Infection following burn injury remains the most common complication in burn wound patients of all age groups and is the most cited reason for mortality, accounting for up to 60–75% of burn related deaths....Burn wounds, classically considered to be sterile immediately upon injury, become colonized and infected within one week after insult, often while the patient is under direct hospital care.... It has also been recently recognized that numerous bacteria (and fungi) exist within burn wounds in the form of biofilms .... they are highly resistant to both conventional antibiotics and to natural host immune responses, as well as being recalcitrant to detection by standard microbiological culture.
One of the most frequently implicated pathogens in infection-related burn complications is Pseudomonas aeruginosa. Part of normal gut flora, P. aeruginosa is also prevalent in nature and has been identified on many hospital surfaces,....Because P. aeruginosa adapts rapidly, widespread and sometimes indiscriminate use of antibiotics has led to multi-drug resistant strains. Moreover, P. aeruginosa is well-known to be capable of biofilm formation, which further limits effectiveness of conventional antibiotic therapy.
Our results clearly indicate that local application of probiotic bacteria can be effective in reducing mortality from burn wound infection and can successfully suppress the systemic hyperinflammatory response such an infection typically provokes. It appears therefore that Lactobacillus is somehow able to contravene against the normally invasive Pseudomonal biology. The mechanisms by which this occurs are as yet unclear, but include several possibilities.
Furthermore, one study examined 56 burn patients, half of whom received oral probiotics [Lactobacillus acidophilus and Lactobacillus casei] half of whom did not. The investigators noted significantly fewer deaths in the treated group among patients with large (41–70%) total body surface area (TBSA) burns, and suggested that probiotic food additives may be clinically beneficial in these patients  It is unclear whether local probiotic therapy to the wound as employed here would confer a similar benefit versus gut-derived pathogens, but given that the probiotic bacteria themselves appear to translocate it is possible that it could be used in combination with oral therapy.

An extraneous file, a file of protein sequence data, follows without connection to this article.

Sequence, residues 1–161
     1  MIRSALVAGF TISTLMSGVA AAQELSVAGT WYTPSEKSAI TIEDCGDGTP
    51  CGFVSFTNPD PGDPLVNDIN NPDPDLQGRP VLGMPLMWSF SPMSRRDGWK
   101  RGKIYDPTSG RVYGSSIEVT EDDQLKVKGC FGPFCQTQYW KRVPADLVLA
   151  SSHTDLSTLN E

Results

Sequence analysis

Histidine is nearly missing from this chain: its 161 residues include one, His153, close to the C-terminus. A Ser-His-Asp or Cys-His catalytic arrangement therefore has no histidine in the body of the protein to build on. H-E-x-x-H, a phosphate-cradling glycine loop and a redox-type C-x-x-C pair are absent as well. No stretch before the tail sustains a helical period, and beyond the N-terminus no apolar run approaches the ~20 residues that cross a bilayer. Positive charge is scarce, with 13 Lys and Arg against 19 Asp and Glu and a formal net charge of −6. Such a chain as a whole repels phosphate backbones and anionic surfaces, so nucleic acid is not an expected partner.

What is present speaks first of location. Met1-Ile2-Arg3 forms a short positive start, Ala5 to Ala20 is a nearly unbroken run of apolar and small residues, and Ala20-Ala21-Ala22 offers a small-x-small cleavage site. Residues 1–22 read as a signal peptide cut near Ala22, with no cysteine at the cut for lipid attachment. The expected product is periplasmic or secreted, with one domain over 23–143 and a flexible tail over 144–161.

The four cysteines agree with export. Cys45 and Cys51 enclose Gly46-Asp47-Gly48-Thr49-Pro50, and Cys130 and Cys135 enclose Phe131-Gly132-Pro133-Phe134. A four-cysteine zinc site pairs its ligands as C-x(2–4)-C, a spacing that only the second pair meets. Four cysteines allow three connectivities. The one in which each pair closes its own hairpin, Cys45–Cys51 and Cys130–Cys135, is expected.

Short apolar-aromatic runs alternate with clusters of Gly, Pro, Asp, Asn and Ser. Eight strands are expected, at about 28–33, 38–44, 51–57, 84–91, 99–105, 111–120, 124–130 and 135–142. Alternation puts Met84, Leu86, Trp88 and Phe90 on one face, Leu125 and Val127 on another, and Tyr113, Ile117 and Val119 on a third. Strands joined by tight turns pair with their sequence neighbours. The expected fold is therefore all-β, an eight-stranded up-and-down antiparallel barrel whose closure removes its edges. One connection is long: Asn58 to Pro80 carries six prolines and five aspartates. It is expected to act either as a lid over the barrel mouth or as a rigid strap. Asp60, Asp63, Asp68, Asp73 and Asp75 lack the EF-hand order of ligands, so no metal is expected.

Locally applied probiotic bacteriotherapy offers an attractive if counterintuitive means to address the problem of burn wound infection. Probiotic bacteria may be active against a range of pathogens simultaneously, including drug-resistant organisms. They have demonstrated activity against fungal pathogens as well, for example, in their use as a treatment of Candidal vulvovaginitis . They are unlikely to facilitate emerging antibiotic resistance and would be potentially effective even against pathogens in biofilm configuration.... They are inexpensive and could be easily applied topically to a burn injury site.
Thus far, the use of topical probiotics in burn patients is limited to a single report. Peral et al. applied topical L. plantarum soaked into gauze sponges to a cohort of second and third degree burn injured patients, divided into early and late treatment groups, and compared outcomes to a similar cohort of patients treated with silver sulfadiazine cream . No systemic antibiotics were used, and the majority of patients had TBSA burns of <15%. The numbers of patients were too small to achieve statistical significance, but the investigators found little to no difference in the two cohorts overall in the rate of healing or in the bacterial counts in the healing wounds on subsequent biopsy. Importantly, no adverse outcome occurred in the 38 patients (with varying depth and time of injury) that could be related to the use of Lactobacillus, including no difference in subsequent skin graft take. These extremely preliminary data give promise that an appropriate regimen of local probiotic bacteriotherapy for burn injured patients can be safe and at least as effective as silver sulfadiazine. [The 2009 Peral et al study]
Lactobacillus plantarum Credit: Nature